With educational institutions now heavily reliant on information technology to deliver services for students, keeping core systems and data stores secure has never been more important.
The challenge has been amplified during the COVID-19 pandemic as delivery of many education curriculums has shifted to an online environment. Ensuring students and teachers can securely access the systems and information they need has become a top priority.
While the task of maintaining effective security within an educational environment can seem daunting, there are five actions IT teams can take to ward off potential attackers. They are:
- Hunt for threats:
Advanced persistent threats (APTs) lurk within IT infrastructures for weeks or months before being detected. For this reason, it’s important to search for malware or attackers at all times proactively.
While traditional security tools are equipped to deal with commonly known threats, you still need to worry about unknown ones. These unknown threats are more likely to include different types of APTs that can cost an educational institution heavily.
A good way to hunt for threats is to perform in-depth log analysis, which involves sifting through logs from different sources and investigating the ones that don’t align with normal network activity.
- Fine-tune your security tools:
Apart from deploying security tools, monitoring them is essential to ensure they are operating effectively. Examining events occurring in security tools can give deep insights into the overall network security. Using an efficient security information and event management (SIEM) solution is the best way to monitor all your security tools and devices from one place.
This can provide a clear overview into an organisation’s network infrastructure by collecting log data from different sources like firewalls, antivirus software, and intrusion detection appliances, and correlating it to initiate automated remediation responses, and generate easy-to-read reports.
- Prevent unauthorised access:
Besides using tools such as firewalls and reviewing server logs for detecting malicious activities, ensure unauthorised users cannot access your infrastructure remotely. Techniques to achieve this include making use of a virtual private network (VPN) and the use of multi-factor authentication (MFA) tools.
It is also a good practice to use email filtering to block malicious attachments, and implementing a strong password policy.
- Create an incident response plan:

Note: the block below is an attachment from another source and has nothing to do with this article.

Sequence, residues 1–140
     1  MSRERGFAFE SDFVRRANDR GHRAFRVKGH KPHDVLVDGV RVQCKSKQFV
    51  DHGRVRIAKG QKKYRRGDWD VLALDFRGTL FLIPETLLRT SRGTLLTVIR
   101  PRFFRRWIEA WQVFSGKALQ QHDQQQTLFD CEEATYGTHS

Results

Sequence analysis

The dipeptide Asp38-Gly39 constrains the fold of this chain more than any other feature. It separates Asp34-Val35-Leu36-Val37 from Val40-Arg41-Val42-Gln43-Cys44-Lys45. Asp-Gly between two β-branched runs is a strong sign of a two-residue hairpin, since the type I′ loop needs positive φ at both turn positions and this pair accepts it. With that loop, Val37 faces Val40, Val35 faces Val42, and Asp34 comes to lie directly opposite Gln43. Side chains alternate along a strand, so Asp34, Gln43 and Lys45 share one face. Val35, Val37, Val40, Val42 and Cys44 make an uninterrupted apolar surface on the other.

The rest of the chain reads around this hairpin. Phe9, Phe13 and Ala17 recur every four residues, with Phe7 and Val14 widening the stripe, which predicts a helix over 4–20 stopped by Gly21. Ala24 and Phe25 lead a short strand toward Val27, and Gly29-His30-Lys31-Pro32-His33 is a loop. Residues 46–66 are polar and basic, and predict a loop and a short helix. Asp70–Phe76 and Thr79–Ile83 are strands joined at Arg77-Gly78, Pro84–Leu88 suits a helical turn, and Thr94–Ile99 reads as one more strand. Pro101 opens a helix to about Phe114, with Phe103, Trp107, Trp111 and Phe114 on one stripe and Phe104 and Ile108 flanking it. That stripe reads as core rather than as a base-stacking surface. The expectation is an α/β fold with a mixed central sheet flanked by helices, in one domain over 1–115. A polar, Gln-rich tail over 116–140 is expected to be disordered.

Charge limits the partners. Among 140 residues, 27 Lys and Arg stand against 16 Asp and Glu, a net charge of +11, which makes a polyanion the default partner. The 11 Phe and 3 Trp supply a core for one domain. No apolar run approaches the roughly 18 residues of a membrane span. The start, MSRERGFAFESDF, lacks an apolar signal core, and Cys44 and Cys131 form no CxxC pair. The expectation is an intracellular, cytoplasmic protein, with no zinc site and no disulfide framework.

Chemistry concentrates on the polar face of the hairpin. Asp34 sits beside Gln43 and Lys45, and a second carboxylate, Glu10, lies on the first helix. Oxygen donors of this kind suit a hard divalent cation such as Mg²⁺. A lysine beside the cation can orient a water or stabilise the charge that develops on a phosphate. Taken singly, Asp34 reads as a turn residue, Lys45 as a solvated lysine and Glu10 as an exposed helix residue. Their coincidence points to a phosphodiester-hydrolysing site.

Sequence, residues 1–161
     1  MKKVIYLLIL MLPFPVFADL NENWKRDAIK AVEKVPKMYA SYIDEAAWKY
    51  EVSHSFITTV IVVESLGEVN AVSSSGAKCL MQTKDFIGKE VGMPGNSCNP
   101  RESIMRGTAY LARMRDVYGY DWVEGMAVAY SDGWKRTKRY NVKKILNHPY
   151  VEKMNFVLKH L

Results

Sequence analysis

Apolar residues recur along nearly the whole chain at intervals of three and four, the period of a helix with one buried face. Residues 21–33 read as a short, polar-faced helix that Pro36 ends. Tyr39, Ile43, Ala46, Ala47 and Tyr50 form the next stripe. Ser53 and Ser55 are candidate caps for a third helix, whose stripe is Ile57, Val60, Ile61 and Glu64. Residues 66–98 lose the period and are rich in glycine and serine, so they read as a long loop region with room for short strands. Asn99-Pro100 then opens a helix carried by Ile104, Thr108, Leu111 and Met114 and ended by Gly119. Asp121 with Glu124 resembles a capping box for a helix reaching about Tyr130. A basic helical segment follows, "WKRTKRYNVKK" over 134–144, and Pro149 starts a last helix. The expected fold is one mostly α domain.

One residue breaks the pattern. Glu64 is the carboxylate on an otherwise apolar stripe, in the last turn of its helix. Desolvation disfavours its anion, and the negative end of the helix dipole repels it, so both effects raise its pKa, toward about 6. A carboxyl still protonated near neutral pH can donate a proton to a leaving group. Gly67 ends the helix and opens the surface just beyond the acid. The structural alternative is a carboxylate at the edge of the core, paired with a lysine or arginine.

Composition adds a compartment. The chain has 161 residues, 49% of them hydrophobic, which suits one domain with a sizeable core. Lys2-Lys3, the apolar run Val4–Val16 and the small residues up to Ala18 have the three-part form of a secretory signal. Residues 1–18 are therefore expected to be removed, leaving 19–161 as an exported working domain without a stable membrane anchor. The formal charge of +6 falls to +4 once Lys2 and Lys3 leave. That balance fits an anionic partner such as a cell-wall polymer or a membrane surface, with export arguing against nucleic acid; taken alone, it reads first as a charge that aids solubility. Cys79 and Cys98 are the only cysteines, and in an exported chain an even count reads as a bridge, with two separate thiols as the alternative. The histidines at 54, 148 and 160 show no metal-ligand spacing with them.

Regardless of how many security measures you have in place, there’s always the possibility of a successful cyberattack. By then, it’s far too late to be thinking about the creation of a response plan.
Such a plan acts as a blueprint to help an organisation detect, respond to, and recover from network security incidents. The plan should address key issues such as cybercrime, data loss, and service outages. A well-crafted incident response plan can help an organisation perform at its best by preparing for the worst.
An effective plan will cover a range of factors including forming an incident response team, detecting and containing breaches, and recovering lost data.
- Devise a forensic readiness plan:
After a major information security incident has occurred, it’s customary to undertake forensic analysis of digital evidence. For this reason, it’s a good practice to gather and preserve data that can serve as evidence in case an incident occurs.
A strong forensic readiness plan will minimise the cost of cyber investigations and blocks the opportunity for malicious insiders to cover their tracks. It also cuts down the time required to identify the attack vector and helps the organisation to recover from attacks effectively.
By following these steps, educational institutions can ensure they are adequately protected from cyber threats and able to quickly recover should one occur. The threat landscape is constantly evolving and so taking the time to get adequate security in place is something that needs to be done immediately.
Samson Santharaj is a product consultant at ManageEngine.
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